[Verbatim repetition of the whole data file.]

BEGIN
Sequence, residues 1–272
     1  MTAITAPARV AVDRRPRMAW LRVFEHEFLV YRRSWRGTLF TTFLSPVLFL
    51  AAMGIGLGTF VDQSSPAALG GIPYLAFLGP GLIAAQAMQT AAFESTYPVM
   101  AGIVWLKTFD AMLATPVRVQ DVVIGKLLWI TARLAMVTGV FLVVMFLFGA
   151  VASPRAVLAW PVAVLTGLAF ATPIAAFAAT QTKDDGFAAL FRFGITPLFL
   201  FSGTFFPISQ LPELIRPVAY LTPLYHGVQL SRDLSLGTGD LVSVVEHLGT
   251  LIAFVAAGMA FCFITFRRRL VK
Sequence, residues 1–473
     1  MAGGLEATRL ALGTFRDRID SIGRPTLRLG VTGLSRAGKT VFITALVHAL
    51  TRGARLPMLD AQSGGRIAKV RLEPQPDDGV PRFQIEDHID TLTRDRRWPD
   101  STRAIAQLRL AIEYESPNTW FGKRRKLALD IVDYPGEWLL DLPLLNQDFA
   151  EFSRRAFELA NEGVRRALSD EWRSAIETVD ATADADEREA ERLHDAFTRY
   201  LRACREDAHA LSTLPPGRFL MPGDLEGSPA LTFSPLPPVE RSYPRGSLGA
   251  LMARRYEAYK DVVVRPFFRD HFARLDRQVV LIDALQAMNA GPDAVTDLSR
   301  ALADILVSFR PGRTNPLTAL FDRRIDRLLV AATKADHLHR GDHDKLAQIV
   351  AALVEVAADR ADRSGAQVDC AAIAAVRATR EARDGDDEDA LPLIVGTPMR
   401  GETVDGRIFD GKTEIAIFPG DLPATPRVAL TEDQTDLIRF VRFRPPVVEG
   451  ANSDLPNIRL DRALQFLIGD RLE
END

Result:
Sequence, residues 1–272
     1  MTAITAPARV AVDRRPRMAW LRVFEHEFLV YRRSWRGTLF TTFLSPVLFL
    51  AAMGIGLGTF VDQSSPAALG GIPYLAFLGP GLIAAQAMQT AAFESTYPVM
   101  AGIVWLKTFD AMLATPVRVQ DVVIGKLLWI TARLAMVTGV FLVVMFLFGA
   151  VASPRAVLAW PVAVLTGLAF ATPIAAFAAT QTKDDGFAAL FRFGITPLFL
   201  FSGTFFPISQ LPELIRPVAY LTPLYHGVQL SRDLSLGTGD LVSVVEHLGT
   251  LIAFVAAGMA FCFITFRRRL VK
Sequence, residues 1–473
     1  MAGGLEATRL ALGTFRDRID SIGRPTLRLG VTGLSRAGKT VFITALVHAL
    51  TRGARLPMLD AQSGGRIAKV RLEPQPDDGV PRFQIEDHID TLTRDRRWPD
   101  STRAIAQLRL AIEYESPNTW FGKRRKLALD IVDYPGEWLL DLPLLNQDFA
   151  EFSRRAFELA NEGVRRALSD EWRSAIETVD ATADADEREA ERLHDAFTRY
   201  LRACREDAHA LSTLPPGRFL MPGDLEGSPA LTFSPLPPVE RSYPRGSLGA
   251  LMARRYEAYK DVVVRPFFRD HFARLDRQVV LIDALQAMNA GPDAVTDLSR
   301  ALADILVSFR PGRTNPLTAL FDRRIDRLLV AATKADHLHR GDHDKLAQIV
   351  AALVEVAADR ADRSGAQVDC AAIAAVRATR EARDGDDEDA LPLIVGTPMR
   401  GETVDGRIFD GKTEIAIFPG DLPATPRVAL TEDQTDLIRF VRFRPPVVEG
   451  ANSDLPNIRL DRALQFLIGD RLE